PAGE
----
One may think of vehicle resistance/drag as the energy required to move the vehicle a unit distance (such as a meter, foot, kilometer, or mile). For example, if the resistance of a train is 100 kilo-newtons then the energy required to move a kilometer is just 100 kilo-newton-kilometers or 100 mega-joules, since a joule is just a newton-meter.
To find the total mechanical energy used, the forces of acceleration, deacceleration, braking, and grades (climb/descent) would need to be added to level resistance force or drag. But obviously under cruising conditions where there is no acceleration, braking, or grades, there's nothing to be added.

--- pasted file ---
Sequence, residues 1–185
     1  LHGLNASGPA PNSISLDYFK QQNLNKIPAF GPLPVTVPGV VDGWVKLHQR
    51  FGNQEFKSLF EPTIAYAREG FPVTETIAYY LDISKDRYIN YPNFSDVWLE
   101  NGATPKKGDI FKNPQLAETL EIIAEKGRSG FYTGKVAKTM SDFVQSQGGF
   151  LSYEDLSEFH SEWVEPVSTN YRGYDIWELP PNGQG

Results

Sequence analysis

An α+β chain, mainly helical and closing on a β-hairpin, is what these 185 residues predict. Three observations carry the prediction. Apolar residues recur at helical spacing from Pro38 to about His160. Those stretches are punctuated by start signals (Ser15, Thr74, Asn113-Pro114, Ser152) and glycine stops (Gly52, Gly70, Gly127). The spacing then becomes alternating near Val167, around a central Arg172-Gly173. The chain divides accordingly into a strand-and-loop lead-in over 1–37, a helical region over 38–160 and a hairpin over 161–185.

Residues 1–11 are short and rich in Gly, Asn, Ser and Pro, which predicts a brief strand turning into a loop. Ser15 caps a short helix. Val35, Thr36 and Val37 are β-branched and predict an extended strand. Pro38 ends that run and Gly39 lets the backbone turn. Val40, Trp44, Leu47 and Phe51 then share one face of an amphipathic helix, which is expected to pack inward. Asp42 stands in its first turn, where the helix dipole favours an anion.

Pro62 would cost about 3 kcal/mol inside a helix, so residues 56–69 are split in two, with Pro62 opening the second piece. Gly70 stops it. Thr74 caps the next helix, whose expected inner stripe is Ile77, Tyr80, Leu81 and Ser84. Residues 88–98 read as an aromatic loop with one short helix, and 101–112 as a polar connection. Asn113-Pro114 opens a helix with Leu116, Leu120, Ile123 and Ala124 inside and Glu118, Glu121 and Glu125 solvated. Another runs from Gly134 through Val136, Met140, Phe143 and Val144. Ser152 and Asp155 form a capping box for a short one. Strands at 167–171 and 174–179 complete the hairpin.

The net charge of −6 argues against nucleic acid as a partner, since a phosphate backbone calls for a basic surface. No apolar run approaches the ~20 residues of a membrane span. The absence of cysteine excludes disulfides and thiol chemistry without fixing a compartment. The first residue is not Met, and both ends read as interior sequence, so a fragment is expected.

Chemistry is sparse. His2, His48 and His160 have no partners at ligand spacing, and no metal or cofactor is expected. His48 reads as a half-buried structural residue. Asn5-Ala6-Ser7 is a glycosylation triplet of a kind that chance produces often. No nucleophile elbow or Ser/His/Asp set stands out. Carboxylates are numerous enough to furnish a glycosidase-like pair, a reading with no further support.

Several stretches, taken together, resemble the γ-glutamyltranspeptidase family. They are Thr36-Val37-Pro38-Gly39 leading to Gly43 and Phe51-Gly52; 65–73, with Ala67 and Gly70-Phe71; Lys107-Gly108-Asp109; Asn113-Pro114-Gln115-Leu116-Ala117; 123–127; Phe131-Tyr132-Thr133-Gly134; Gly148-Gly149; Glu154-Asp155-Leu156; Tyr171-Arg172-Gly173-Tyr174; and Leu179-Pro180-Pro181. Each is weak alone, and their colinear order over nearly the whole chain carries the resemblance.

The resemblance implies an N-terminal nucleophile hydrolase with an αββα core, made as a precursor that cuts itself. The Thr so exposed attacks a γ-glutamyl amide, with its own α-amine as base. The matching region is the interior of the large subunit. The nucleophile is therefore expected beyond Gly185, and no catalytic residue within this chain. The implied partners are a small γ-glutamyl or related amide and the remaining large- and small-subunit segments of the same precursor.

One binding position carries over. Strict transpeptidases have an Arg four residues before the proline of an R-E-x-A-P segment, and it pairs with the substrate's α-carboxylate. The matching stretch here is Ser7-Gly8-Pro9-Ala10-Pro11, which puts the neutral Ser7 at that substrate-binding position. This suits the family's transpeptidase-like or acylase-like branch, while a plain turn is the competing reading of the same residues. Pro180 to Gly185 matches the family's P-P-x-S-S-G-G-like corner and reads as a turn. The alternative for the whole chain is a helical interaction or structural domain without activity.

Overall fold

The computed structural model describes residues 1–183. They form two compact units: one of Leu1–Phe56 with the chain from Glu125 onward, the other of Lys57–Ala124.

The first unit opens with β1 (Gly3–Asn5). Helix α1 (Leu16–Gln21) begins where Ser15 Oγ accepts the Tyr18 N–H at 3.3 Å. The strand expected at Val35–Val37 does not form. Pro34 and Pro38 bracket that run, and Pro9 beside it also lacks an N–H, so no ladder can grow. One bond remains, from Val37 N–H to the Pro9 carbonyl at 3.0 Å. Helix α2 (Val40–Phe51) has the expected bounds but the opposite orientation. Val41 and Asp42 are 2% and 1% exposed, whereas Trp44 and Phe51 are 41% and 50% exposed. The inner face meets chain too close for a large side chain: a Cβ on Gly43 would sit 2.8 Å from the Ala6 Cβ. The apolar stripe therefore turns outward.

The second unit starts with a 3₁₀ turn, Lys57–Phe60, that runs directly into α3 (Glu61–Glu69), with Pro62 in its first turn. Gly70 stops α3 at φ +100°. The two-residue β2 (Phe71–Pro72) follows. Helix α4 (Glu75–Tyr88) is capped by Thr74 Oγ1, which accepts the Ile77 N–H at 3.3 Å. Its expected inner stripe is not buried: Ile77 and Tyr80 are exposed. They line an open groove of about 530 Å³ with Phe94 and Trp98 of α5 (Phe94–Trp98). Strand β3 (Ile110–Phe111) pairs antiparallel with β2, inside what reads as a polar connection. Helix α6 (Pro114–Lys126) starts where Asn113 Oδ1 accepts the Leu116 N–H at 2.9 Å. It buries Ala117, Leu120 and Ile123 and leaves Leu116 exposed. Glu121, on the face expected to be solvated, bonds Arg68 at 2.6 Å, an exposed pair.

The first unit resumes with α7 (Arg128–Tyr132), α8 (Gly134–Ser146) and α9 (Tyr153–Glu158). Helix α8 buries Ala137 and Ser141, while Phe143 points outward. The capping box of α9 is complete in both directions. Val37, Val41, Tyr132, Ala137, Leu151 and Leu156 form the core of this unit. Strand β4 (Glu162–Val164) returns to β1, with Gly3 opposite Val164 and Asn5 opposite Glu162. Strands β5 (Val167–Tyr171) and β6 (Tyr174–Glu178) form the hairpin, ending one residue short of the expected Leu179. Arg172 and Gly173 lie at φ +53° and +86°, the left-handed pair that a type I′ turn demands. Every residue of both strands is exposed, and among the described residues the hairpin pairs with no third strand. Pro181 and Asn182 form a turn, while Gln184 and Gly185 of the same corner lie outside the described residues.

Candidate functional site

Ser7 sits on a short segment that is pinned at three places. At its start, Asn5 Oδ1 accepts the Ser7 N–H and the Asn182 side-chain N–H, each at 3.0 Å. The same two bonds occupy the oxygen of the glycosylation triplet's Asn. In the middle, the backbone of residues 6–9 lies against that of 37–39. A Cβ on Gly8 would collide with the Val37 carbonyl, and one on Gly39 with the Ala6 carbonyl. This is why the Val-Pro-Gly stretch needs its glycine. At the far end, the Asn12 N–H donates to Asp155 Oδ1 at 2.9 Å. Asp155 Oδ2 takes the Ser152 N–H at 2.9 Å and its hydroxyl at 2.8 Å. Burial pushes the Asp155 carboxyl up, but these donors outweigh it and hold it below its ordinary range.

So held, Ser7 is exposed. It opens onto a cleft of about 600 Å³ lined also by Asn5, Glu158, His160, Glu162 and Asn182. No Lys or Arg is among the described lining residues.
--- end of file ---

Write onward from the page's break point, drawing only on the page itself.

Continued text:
To converts vehicle resistance to what is equivalent to energy intensity, one may divide the resistance force by the vehicle weight to get a specific resistance (trains) or use the inverse: lift-to-drag ratio (airplanes) since lift is the planes weight and drage is the plane resistance. In olden days in the US, trains used units of pounds of force per ton. If it was say 20 pounds per ton (20 lb/ton) then it would take a pull of 20 pounds to keep a one ton of train moving forward at steady speed on a level path. Other units of specific resistance are kilogram-force per metric-ton (kgf/tonne) or newtons-force per metric ton. Since a metric ton is just 1000 kg, the unit of kgf/tonne is just parts per thousand (independent of what units are used. For example a resistance of 10 parts per thousand would be the same as 10 pounds force per 1000 pounds weight or 10 kgf/ton. For a plane using the above values, a lift of 1000 pounds would require a drag of 10 pounds resulting in a lift-to-drag ratio of 100 (which is unrealistically high since it's usually under 20).